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Home is where the hub world is

Authored By Chris Hovermale

Platformers make up many of my fondest gaming memories, ranging from oldies like Super Mario Sunshine to newbies like A Hat in Time and Rayman Legends. There are many things I love about them, such as speedrunning through obstacle courses and reacting against fast-paced hazards and enemies. Heck, recently I rambled about how strongly I want this genre to stick around (the answer is "a lot"). But somehow, most of those platformer memories always trace back to one particular activity: messing around in a hub world by jumping aimlessly.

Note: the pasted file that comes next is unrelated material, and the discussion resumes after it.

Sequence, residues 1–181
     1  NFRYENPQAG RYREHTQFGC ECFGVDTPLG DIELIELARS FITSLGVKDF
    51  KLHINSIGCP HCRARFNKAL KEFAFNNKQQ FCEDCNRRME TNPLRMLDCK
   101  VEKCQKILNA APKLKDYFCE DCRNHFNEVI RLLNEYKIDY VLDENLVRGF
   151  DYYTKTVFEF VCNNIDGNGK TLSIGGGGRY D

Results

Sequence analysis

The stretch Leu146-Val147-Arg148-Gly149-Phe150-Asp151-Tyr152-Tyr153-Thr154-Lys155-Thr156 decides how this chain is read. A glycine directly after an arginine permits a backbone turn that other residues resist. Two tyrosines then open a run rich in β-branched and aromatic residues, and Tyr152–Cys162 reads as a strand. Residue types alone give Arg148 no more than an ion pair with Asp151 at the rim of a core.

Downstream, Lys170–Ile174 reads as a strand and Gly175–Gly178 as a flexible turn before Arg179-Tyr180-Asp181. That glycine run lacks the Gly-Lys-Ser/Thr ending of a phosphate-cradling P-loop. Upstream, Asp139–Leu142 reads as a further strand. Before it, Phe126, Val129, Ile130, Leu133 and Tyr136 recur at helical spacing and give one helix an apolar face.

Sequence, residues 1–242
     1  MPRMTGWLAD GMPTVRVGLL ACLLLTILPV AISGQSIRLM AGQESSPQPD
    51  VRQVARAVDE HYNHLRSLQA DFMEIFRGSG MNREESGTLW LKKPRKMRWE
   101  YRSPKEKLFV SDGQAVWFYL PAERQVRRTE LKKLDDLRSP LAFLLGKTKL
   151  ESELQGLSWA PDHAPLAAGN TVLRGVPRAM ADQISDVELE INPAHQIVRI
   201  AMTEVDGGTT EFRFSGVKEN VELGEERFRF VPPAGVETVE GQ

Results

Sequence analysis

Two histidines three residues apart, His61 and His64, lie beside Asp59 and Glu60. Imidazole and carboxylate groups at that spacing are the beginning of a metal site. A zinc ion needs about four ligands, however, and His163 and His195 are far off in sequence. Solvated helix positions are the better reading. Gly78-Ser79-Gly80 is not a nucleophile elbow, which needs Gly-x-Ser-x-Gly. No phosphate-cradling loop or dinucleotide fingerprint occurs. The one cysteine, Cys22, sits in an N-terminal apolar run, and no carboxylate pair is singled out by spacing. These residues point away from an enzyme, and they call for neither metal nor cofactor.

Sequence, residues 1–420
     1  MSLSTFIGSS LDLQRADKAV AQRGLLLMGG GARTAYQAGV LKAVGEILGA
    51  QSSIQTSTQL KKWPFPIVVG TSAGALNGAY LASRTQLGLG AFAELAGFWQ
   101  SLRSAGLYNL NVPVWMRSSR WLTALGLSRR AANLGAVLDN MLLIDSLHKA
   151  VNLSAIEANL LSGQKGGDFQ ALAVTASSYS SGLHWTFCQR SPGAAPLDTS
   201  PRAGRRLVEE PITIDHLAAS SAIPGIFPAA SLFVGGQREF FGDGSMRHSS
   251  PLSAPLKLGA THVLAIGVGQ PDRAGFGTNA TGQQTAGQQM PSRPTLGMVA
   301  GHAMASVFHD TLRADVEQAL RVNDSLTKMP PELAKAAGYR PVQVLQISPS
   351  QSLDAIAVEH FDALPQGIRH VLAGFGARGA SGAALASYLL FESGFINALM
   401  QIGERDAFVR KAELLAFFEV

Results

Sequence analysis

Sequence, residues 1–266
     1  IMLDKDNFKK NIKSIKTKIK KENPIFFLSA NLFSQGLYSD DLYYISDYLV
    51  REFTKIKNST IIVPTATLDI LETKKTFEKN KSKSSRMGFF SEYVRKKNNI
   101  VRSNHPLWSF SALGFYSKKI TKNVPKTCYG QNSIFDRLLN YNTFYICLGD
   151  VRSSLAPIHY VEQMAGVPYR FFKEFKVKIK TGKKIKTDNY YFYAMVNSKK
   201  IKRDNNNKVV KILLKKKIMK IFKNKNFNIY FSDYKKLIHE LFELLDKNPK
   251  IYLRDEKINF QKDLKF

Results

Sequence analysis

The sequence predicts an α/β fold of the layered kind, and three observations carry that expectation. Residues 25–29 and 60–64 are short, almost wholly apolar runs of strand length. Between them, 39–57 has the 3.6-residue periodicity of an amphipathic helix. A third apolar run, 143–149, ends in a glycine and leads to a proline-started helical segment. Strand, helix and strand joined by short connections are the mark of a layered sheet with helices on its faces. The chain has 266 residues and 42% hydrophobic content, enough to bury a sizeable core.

It’s strange, because I never purchased these games expecting to waste time like that. Yet every now and then I feel compelled to revisit my favorite platformers for no purpose other than to bounce around and press buttons for their own sakes, because I remember enjoying that so much. And it’s no secret that I’m frequently driven by accomplishing arbitrary objectives. Why would I of all people love neglecting such objectives so much?

The straightforward answer is it means the controls are just that much fun, and by proxy, the rest of these games are fun too.

Home is where the hub world is screenshot

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